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Tourism Geographic Editorial Team (al) - http://medium.com/tourism-geographic

Alternative Tourisms

To make slum tours more helpful for communities, tourists should be educated with VR first.

Photo by Yogendra Singh on Unsplash

By Meghan Muldoon and Tom Griffin

Many tourists seek unique, ‘outside-the-box’ adventures in their travels. Over the past several years, the popularity of visiting a slum on a tour has grown. A form of tourism that brings wealthy people face-to-face with some of the poorest people in the world has drawn its share of criticism.

Views on slum tourism differ. On the one hand, it can be a voyeuristic and exploitative form of poverty porn. On the other, it puts tourism money directly into the hands of people who need it most. Further, it helps improve cultural understanding and awareness.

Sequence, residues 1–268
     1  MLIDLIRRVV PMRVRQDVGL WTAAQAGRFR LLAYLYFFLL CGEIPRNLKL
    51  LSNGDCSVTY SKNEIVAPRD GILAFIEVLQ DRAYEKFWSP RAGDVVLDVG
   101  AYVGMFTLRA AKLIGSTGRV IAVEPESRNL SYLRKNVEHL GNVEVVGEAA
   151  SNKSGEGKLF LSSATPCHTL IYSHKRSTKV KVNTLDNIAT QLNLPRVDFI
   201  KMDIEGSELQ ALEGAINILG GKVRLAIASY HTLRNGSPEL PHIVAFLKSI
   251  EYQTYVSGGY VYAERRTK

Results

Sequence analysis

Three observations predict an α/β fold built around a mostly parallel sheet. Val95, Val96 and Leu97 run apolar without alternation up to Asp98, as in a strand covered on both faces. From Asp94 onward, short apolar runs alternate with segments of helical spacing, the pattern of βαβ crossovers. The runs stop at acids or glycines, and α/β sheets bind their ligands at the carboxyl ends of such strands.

The Geography of Tourism

How to experience 3 countries in 3 minutes in the new Europe.

Photo by Priscilla Du Preez on Unsplash

by Marek Więckowski

“Tripoint” Borders As Tourist Destinations

Borders, ancient walls, and boundary curiosities play a significant role in tourism. Unique border locations around the world attract tourist interest (Timothy et al., 2016).

One such border attraction is the “tripoint” — where three countries meet at one point.

Tripoints often have symbolic meanings. They are special places that signify transboundary cooperation (or not) among the three countries (Więckowski 2021).

In Europe, the EU has special funds to support transborder cooperation. The aim is to better unify Europe. But these funds also create opportunities for new tourism spaces.


Academic Insights on Tourism from “The Conversation”

The benefits of personal interactions between monks and tourists may be the biggest loss from COVID-19.

Photo by Aaron Thomas on Unsplash